Post theater renamed for Medal of Honor recipient, actor

By Stephen BakerMay 7, 2023

U.S. Army Garrison Fort Gregg-Adams and 244th Quartermaster Battalion command teams unveil the new 'Beaty Theater' sign on the marquee of the 1950-built facility during an afternoon ceremony, May 7. Previously known as the 'Lee Theater' or 'Lee Playhouse,' the redesignation of the facility is part of a larger redesignation effort at the post, which itself recently received new namesakes reflecting the installation's long history of delivering top-notch military training for Army Sustainers.
U.S. Army Garrison Fort Gregg-Adams and 244th Quartermaster Battalion command teams unveil the new 'Beaty Theater' sign on the marquee of the 1950-built facility during an afternoon ceremony, May 7. Previously known as the 'Lee Theater' or 'Lee Playhouse,' the redesignation of the facility is part of a larger redesignation effort at the post, which itself recently received new namesakes reflecting the installation's long history of delivering top-notch military training for Army Sustainers. (Photo Credit: Stephen J. Baker, Public Affairs Director, Fort Gregg-Adams) VIEW ORIGINAL

FORT GREGG-ADAMS, Va. – Previously known as the “Lee Theater” and often referred to as the “Lee Playhouse,” one of the oldest brick-and-mortar facilities on post was officially redesignated May 7 as the “Beaty Theater” in honor of a Richmond native and Congressional Medal of Honor recipient.

The renaming of the theater after U.S. Army Sgt. Powhatan Beaty was prompted by a Congressional mandate in the 2021 National Defense Authorization Act to remove or modify the names of Defense Department assets that commemorate the Confederate States of America or anyone who voluntarily served under them.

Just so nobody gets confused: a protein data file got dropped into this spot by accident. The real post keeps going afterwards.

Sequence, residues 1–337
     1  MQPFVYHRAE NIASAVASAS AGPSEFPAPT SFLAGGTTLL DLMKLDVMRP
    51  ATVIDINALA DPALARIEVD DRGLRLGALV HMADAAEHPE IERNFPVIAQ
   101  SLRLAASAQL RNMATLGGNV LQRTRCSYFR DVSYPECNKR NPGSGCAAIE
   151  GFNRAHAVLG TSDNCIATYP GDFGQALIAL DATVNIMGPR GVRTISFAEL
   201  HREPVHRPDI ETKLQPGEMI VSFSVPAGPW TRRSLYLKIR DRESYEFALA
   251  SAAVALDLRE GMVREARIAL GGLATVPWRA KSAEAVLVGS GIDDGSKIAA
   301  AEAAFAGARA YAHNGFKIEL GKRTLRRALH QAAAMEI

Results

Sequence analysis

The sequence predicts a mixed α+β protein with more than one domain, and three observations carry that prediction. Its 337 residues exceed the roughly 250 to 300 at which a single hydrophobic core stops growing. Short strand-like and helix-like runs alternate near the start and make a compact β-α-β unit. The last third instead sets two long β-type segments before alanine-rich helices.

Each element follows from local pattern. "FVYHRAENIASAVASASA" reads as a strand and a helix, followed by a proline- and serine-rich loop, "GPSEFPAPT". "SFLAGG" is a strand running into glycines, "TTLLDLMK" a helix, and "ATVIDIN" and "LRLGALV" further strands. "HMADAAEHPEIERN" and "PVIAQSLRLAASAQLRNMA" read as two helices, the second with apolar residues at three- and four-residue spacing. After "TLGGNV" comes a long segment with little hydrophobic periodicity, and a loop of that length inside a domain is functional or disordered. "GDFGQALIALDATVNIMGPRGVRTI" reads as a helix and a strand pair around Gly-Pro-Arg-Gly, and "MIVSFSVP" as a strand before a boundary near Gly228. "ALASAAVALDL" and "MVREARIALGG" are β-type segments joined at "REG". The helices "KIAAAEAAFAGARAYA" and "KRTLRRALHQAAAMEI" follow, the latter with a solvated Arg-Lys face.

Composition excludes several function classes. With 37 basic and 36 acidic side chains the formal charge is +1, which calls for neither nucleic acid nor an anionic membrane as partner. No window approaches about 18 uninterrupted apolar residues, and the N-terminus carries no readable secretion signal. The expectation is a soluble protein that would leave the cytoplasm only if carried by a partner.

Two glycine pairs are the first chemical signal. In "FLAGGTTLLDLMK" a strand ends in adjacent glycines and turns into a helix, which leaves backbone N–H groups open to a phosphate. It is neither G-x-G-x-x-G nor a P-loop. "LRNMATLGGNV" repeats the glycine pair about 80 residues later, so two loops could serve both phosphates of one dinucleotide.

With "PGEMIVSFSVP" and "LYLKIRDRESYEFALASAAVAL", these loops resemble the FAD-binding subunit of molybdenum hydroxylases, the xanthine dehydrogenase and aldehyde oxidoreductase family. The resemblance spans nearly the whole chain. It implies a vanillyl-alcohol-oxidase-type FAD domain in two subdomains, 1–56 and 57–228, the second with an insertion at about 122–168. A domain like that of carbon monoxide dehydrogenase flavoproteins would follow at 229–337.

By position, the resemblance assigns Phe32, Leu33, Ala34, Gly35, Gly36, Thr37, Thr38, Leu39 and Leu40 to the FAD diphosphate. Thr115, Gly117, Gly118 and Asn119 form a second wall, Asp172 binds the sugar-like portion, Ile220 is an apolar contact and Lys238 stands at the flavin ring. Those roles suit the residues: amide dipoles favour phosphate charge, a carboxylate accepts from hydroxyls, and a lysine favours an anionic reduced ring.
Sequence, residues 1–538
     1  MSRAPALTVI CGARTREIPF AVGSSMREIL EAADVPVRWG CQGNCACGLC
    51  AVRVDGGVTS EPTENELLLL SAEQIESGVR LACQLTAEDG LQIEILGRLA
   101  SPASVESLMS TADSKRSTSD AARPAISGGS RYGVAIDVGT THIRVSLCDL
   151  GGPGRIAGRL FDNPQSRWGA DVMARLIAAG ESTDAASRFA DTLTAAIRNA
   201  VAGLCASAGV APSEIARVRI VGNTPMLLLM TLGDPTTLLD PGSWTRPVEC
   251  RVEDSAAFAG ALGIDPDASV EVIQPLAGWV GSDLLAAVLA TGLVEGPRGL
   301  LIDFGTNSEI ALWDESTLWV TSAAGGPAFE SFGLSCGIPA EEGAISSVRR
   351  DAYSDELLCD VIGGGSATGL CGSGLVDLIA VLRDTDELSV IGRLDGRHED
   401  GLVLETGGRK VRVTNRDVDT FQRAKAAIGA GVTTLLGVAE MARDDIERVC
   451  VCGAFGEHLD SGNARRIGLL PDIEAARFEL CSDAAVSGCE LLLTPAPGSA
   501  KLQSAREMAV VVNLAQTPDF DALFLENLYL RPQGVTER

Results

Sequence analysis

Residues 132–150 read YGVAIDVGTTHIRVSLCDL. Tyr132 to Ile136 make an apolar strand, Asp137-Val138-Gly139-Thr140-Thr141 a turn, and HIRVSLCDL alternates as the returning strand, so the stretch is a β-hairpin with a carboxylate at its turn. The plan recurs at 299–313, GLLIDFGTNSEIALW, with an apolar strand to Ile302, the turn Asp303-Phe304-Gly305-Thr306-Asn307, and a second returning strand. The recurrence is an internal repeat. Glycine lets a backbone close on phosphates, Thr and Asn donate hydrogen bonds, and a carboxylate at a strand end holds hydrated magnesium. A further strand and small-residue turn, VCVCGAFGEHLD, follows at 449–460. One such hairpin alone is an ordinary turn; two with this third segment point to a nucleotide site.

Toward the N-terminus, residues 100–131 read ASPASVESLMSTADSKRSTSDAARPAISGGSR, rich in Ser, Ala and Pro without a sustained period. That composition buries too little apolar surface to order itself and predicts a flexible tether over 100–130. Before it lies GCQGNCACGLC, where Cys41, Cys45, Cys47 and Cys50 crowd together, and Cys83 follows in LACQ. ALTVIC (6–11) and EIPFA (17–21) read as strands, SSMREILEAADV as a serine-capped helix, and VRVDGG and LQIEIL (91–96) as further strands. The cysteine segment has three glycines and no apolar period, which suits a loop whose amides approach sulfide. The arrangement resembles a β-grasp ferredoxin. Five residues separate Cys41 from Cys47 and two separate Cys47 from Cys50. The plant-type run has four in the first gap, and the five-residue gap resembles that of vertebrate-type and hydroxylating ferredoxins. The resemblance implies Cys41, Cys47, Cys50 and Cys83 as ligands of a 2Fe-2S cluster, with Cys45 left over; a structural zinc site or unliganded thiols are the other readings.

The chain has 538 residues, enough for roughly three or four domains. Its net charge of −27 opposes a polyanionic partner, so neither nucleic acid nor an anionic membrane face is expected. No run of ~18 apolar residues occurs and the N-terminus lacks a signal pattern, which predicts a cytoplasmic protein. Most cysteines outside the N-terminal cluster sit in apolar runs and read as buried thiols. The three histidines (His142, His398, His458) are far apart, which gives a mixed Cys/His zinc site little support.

According to the final report from the Naming Commission, which considered him a potential namesake for the entire installation, Beaty was born to an enslaved family in Richmond that eventually secured its freedom and moved to Ohio by the time he reached age 12. After the Emancipation Proclamation authorized Black men to serve in the military in 1863, Beaty enlisted in the 5th Regiment of the U.S. Colored Troops, which fought in several local battles during the Civil War.

During a small ceremony outside the theater – built in 1950 – Garrison Commander Col. James Hoyman remarked on the importance of commemorating Soldiers like Beaty.

“What we want to make sure we represent on this installation is the power of non-commissioned officers,” Hoyman said.

“Although he enlisted as a private, Beaty’s leadership was immediately evident and he was promoted to SGT on his second day of service,” the Naming Commission wrote in its final report. “Beaty showed repeated valor and courage during subsequent missions and battles. Fighting in the crucial 1864 Battle of New Market Heights, Beaty took command of the remaining troops after all officers were killed or wounded, regrouping and leading them on a final renewed assault. They captured the Confederate position, securing tactical and strategic successes. Beaty received the Medal of Honor for his actions. By the end of the war, Beaty had fought in 13 battles.”

“The people who do the work – make it happen – are non-commissioned officers,” Hoyman said, addressing a few dozen Soldiers from the 244th Quartermaster Battalion along with “Mamma Mia!” cast members who performed the musical in the theater shortly afterward.

“Being a sponsor for the theater here for the last nine years, I want to say that the 244th Quartermaster Battalion is very honored in doing this along with the garrison,” said Lt. Col. Michael Martin, battalion commander.

The ceremony concluded with the unveiling of the new “Beaty Theater” sign on the theater marquee, commemorating a Soldier who – appropriately enough for the venue – toured the country after his military service for many years as a successful actor.